water consumption, and waste potential - ten- and hundred-fold degrees 
of impact can be identified between different design options.  In some 
cases the impacts exceed those of conventional building systems.  It 
thus became evident that the potential for lessening environmental 
impacts through deliberate design choices is substantial.[ix] <#_edn9>

Table 2.1:  Comparison of embodied energy in different construction methods



embodied energy / GJ


CO_2 emissions resulting from construction / t

clay- and lime-plastered strawbale wall:                      rebaling













*11.0 GJ*








*0.72 t CO_2 *

brick / lightweight concrete cavity wall:                      brick

                                cellulose insul^n

                                l/w concrete
















2.30* <#_ftn1>



*18.58 t CO_2 *

timber panel system:


                                cellulose insul^n

















*3.35* *t CO_2 *

Strawbale construction, therefore, provides an opportunity for unusually 
ecologically sound building, but does not guarantee it:  a thorough 
environmental audit of the whole process is still necessary if 
ecological excellence is to be achieved.



* <#_ftnref1> includes carbon dioxide emitted in cement production


[i] <#_ednref1> *Edminster* A V (1995), */Straw Bale Construction: 
Patterns for a Sustainable System/*,  Masters Thesis, Department of 
Architecture, University of California, Berkeley, CA, USA  (also 
available as:  */Investigation of Environmental Impacts: Strawbale 
Construction/*,  design AVEnues, Pacifica, CA, USA)

[ii] <#_ednref2> *Hofmeister* R (1994:winter), */Straw-Bale 
Construction: How Does it Stack Up?,/* The Last Straw, issue 5, Tucson, 

[iii] <#_ednref3> *Pierquet* P (1997:winter), */How Good?: Embodied 
Energy of Insulation Materials,/* The Last Straw, issue 17, Tucson, AZ, USA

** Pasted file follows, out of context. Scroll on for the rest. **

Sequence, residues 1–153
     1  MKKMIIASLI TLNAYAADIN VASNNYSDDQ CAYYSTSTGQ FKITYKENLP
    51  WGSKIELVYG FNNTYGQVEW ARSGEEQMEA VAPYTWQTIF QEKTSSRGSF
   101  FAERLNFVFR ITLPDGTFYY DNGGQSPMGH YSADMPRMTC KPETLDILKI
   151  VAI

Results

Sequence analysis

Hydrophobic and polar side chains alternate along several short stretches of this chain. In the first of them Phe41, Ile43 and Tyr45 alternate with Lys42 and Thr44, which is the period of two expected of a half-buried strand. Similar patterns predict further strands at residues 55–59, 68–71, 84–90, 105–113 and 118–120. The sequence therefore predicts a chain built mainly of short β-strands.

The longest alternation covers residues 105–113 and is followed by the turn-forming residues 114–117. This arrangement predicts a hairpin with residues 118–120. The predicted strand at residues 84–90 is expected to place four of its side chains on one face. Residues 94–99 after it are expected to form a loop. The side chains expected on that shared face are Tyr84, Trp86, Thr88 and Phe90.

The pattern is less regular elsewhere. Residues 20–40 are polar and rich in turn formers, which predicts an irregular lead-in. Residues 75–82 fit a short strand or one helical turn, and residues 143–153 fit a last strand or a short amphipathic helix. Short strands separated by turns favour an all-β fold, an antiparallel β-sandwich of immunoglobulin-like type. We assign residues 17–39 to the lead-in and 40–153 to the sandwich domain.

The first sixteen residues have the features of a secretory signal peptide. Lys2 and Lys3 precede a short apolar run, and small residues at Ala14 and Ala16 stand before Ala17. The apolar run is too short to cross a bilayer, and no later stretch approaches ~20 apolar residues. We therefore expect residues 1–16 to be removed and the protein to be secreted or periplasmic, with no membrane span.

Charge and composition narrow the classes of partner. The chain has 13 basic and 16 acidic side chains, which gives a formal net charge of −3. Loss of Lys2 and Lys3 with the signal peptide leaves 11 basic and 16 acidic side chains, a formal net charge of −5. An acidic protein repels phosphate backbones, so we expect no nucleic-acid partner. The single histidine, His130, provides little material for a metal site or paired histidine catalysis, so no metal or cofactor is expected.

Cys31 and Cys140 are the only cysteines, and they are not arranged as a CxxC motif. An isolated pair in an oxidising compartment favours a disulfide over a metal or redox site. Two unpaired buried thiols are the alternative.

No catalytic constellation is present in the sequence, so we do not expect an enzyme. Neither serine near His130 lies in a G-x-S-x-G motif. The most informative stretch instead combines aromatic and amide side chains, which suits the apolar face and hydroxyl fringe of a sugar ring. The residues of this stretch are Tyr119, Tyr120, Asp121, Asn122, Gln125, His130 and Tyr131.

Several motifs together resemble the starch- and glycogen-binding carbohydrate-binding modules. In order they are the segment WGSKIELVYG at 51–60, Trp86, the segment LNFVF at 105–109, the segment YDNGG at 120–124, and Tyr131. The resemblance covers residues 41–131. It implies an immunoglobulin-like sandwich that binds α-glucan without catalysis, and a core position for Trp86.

[iv] <#_ednref4> Calculations based on 2 trucks carrying 200 bales each, 
and each with a 60-mile round trip

[v] <#_ednref5> *van der Zoom* H (2004:06),  unscripted talk, 
International Strawbale Building Conference, Kalø, Denmark

[vi] <#_ednref6> maximum figure obtained from calculations based on (i) 
data provided on bale manufacturers' websites, and (ii) observation of 
baling on a field in Carmarthenshire.

[vii] <#_ednref7> Calculations based on unit embodied energy costs from 
various sources tabulated in:  ed. *Thomas* R (1996), */Environmental 
Design/*, London:  E & F N Spon

[viii] <#_ednref8> *Edminster* A V, /op cit/

[ix] <#_ednref9> *Edminster* A V (1996:winter), */Strawbale Design: 
Towards an Ecological Accounting/*,  The Last Straw,  Tucson, AZ, USA, 
issue 13

Andrew Webb wrote:

> Closely related to the question is embodied energy, if that is a help 
> to them.  Straw bale has 0.24 MJ/kg or 31 MJ/m3 according to 
> http://www.canadianarchitect.com/asf/perspectives_sustainibility/measures_of_sustainablity/measures_of_sustainablity_embodied.htm 
> -AW
> Chug. wrote:
>> Greetings baleheads
>> I have been asked this question to which I don't know an 
>> answer........any input appreciated.
>> bale on
>> Chug
>> chug at strawbale-building....uk
>> http://www.strawbale-building.co.uk/
>> .
>> Dear Sir/Madam,
>> I am conducting research on using straw bale insulation for an energy
>> efficient housing project. I was interested in finding out how much 
>> carbon
>> dioxide is emitted from one pound of strawbale. This information 
>> seems to be
>> hard to find since strawbale isn't as widely used as other building
>> materials. If you could forward any information, that would be 
>> exteremely
>> helpful. Thank you for your attention.
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> Strawbale at listserv....org